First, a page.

The product matrix rules you stated always hold: \begin{align} % \mathbf{A} \mathbf{A}^{*} &= % \left( \mathbf{U} \, \mathbf{\Sigma} \, \mathbf{V}^{*} \right) % \left( \mathbf{U} \, \mathbf{\Sigma} \, \mathbf{V}^{*} \right)^{*} % = % \left( \mathbf{U} \, \mathbf{\Sigma} \, \mathbf{V}^{*} \right) % \left( \mathbf{V} \, \mathbf{\Sigma}^{\mathrm{T}} \, \mathbf{V}^{*} \right) \\ % \mathbf{A}^{*} \mathbf{A} &= % \left( \mathbf{U} \, \mathbf{\Sigma} \, \mathbf{V}^{*} \right)^{*} % \left( \mathbf{U} \, \mathbf{\Sigma} \, \mathbf{V}^{*} \right) % = % \left( \mathbf{V} \, \mathbf{\Sigma}^{\mathrm{T}} \, \mathbf{V}^{*} \right) % \left( \mathbf{U} \, \mathbf{\Sigma} \, \mathbf{V}^{*} \right) \\ % \end{align} Examples follow.

Square, full rank $m = n = \rho$

$$\mathbf{A} = \mathbf{U} \, \Sigma \, \mathbf{V}^{*} = % \left[ \begin{array}{c} \color{blue}{\mathbf{U}_{\mathcal{R}\left(\mathbf{A}\right)}} \end{array} \right] % \left[ \mathbf{S} \right] % \left[ \begin{array}{c} \color{blue}{\mathbf{V}_{\mathcal{R}\left(\mathbf{A}^{*}\right)}} \end{array} \right]^{*} %$$ The product matrices are \begin{align} % \mathbf{A}^{*}\mathbf{A} &= \color{blue}{\mathbf{V}_{\mathcal{R}\left(\mathbf{A}^{*}\right)}} \, \mathbf{S}^{2} \, \color{blue}{\mathbf{V}_{\mathcal{R}\left(\mathbf{A}^{*}\right)}}^{*} \\ % \mathbf{A}\mathbf{A}^{*} &= \color{blue}{\mathbf{U}_{\mathcal{R}\left(\mathbf{A}^{*}\right)}} \, \mathbf{S}^{2} \, \color{blue}{\mathbf{U}_{\mathcal{R}\left(\mathbf{A}^{*}\right)}}^{*} % \end{align}

Tall, full column rank $n = \rho$, $m \ge n$

$$\mathbf{A} = \mathbf{U} \, \Sigma \, \mathbf{V}^{*} = % \left[ \begin{array}{cc} \color{blue}{\mathbf{U}_{\mathcal{R}\left(\mathbf{A}\right)}} & \color{red} {\mathbf{U}_{\mathcal{N}\left(\mathbf{A}^{*}\right)}} \end{array} \right] % \left[ \begin{array}{c} \mathbf{S} \\ \mathbf{0} \end{array} \right] % \left[ \begin{array}{cc} \color{blue}{\mathbf{V}_{\mathcal{R}\left(\mathbf{A}^{*}\right)}} & \color{red} {\mathbf{V}_{\mathcal{N}\left(\mathbf{A}\right)}} \end{array} \right]^{*} %$$ The product matrices are \begin{align} % \mathbf{A}^{*}\mathbf{A} &= \color{blue}{\mathbf{V}_{\mathcal{R}\left(\mathbf{A}^{*}\right)}} \, \mathbf{S}^{2} \, \color{blue}{\mathbf{V}_{\mathcal{R}\left(\mathbf{A}^{*}\right)}}^{*} \\ % \mathbf{A}\mathbf{A}^{*} &= % \left[ \begin{array}{cc} \color{blue}{\mathbf{U}_{\mathcal{R}\left(\mathbf{A}\right)}} & \color{red} {\mathbf{U}_{\mathcal{N}\left(\mathbf{A}^{*}\right)}} \end{array} \right] % \left[ \begin{array}{cc} \mathbf{S}^{2} & \mathbf{0} \\ \mathbf{0} & \mathbf{0} \end{array} \right] % \left[ \begin{array}{cc} \color{blue}{\mathbf{U}_{\mathcal{R}\left(\mathbf{A}\right)}} & \color{red} {\mathbf{U}_{\mathcal{N}\left(\mathbf{A}^{*}\right)}} \end{array} \right]^{*} % \end{align}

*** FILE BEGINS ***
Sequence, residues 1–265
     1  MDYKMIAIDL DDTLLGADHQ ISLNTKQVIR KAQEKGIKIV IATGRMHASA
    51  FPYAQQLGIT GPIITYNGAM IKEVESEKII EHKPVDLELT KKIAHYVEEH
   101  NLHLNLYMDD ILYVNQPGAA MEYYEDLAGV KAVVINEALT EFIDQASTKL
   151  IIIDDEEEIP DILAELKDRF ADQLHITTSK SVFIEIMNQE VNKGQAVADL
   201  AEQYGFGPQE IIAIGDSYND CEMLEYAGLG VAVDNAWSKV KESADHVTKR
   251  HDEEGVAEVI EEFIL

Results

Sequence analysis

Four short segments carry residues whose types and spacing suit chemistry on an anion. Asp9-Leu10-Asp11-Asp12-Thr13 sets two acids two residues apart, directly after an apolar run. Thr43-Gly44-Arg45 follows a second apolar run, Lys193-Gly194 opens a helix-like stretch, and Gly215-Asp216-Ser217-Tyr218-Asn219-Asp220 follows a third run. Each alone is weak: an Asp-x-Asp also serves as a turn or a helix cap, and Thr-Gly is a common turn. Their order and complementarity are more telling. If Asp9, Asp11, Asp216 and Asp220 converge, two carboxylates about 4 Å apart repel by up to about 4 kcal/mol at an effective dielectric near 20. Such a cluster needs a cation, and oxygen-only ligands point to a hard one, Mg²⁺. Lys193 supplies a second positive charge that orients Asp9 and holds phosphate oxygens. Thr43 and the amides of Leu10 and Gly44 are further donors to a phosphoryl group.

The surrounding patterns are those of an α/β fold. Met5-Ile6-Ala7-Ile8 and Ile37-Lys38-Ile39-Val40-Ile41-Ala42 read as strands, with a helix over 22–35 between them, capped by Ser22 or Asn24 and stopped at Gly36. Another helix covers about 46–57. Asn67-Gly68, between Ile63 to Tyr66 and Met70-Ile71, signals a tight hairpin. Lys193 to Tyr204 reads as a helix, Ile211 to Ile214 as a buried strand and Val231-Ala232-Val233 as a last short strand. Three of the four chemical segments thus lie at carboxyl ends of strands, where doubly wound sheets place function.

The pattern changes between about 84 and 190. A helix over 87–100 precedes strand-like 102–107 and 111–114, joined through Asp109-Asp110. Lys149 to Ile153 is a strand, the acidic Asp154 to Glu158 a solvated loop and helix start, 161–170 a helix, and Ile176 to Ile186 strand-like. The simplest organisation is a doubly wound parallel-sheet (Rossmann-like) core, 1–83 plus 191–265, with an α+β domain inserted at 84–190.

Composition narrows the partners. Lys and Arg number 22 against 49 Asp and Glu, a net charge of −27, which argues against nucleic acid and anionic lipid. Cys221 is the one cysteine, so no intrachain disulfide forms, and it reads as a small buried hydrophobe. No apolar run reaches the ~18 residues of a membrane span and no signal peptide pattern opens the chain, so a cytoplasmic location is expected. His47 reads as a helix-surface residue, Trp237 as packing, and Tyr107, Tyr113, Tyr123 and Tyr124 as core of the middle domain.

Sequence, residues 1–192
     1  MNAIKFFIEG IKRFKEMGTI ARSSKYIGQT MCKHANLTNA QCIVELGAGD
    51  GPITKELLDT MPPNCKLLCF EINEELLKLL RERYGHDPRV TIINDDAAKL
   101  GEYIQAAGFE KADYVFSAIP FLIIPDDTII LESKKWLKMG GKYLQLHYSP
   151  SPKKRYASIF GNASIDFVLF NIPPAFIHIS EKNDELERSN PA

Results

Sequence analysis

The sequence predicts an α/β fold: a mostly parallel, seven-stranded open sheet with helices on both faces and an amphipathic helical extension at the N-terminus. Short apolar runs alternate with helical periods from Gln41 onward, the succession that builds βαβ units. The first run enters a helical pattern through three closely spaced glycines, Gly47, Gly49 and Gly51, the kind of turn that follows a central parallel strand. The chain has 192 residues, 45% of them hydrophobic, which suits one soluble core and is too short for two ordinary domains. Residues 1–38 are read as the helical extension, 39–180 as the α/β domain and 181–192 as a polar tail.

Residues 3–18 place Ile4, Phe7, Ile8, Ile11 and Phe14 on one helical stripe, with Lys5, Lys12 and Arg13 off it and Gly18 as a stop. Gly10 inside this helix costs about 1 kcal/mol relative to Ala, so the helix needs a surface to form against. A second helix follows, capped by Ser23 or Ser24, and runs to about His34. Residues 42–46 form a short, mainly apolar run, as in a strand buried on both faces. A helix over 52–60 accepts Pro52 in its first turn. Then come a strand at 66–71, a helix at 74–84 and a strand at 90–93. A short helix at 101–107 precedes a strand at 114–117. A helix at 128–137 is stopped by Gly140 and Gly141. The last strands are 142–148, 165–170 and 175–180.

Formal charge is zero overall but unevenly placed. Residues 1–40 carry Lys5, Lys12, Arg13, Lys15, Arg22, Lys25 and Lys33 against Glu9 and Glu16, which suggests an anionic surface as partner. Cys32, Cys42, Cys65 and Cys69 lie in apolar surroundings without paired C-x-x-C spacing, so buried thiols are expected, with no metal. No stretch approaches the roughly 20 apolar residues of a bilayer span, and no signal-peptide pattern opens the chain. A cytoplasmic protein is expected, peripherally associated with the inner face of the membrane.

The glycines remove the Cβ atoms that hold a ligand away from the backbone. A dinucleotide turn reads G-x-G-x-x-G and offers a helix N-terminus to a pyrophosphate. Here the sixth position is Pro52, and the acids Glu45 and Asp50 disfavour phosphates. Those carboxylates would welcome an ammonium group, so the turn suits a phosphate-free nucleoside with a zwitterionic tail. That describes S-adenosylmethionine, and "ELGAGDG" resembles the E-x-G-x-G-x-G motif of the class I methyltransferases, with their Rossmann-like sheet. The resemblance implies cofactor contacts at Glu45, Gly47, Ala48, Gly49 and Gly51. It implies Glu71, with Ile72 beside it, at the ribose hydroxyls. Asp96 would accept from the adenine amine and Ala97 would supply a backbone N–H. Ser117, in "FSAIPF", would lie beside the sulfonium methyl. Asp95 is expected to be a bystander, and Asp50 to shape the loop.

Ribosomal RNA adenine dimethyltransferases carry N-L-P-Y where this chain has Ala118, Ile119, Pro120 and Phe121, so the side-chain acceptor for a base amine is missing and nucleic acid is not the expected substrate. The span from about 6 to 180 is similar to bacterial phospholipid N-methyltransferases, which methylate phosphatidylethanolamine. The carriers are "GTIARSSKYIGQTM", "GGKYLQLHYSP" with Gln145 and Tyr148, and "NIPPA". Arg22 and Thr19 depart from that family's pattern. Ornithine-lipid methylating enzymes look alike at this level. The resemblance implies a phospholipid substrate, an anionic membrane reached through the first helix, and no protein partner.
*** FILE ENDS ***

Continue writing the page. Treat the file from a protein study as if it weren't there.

Wide, full row rank $m = \rho$, $n \ge m$

$$\mathbf{A} = \mathbf{U} \, \Sigma \, \mathbf{V}^{*} = % \left[ \begin{array}{c} \color{blue}{\mathbf{U}_{\mathcal{R}\left(\mathbf{A}\right)}} \end{array} \right] % \left[ \begin{array}{cc} \mathbf{S} & \mathbf{0} \end{array} \right] % \left[ \begin{array}{cc} \color{blue}{\mathbf{V}_{\mathcal{R}\left(\mathbf{A}^{*}\right)}} & \color{red} {\mathbf{V}_{\mathcal{N}\left(\mathbf{A}\right)}} \end{array} \right]^{*} %$$ The product matrices are \begin{align} % \mathbf{A}^{*}\mathbf{A} &= % \left[ \begin{array}{cc} \color{blue}{\mathbf{V}_{\mathcal{R}\left(\mathbf{A}^{*}\right)}} & \color{red} {\mathbf{V}_{\mathcal{N}\left(\mathbf{A}\right)}} \end{array} \right] % \left[ \begin{array}{cc} \mathbf{S}^{2} & \mathbf{0} \\ \mathbf{0} & \mathbf{0} \end{array} \right] % \left[ \begin{array}{cc} \color{blue}{\mathbf{V}_{\mathcal{R}\left(\mathbf{A}^{*}\right)}} & \color{red} {\mathbf{V}_{\mathcal{N}\left(\mathbf{A}\right)}} \end{array} \right]^{*} \\ % \mathbf{A}\mathbf{A}^{*} &= % \color{blue}{\mathbf{U}_{\mathcal{R}\left(\mathbf{A}\right)}} \, \, \mathbf{S}^{2} \, \color{blue}{\mathbf{U}_{\mathcal{R}\left(\mathbf{A}\right)}} \\ % \end{align}

For the hermitian matrix, \begin{align} \mathbf{A} &= \mathbf{A}^{*} \\ \mathbf{U} \, \Sigma \, \mathbf{V}^{*} &= \mathbf{V} \, \Sigma \, \mathbf{U}^{*} \end{align} because in this case $\Sigma = \Sigma^{\mathrm{T}}$.

Answer1: I think your statement above the two questions is correct. But only when A is square, symmetric, positive definite, we can use Cholesky decomposition so that A= BB^T, then B can be decomposed using SVD: B= U \Sigma U^T, thus A=U\Sigma^2U^⊤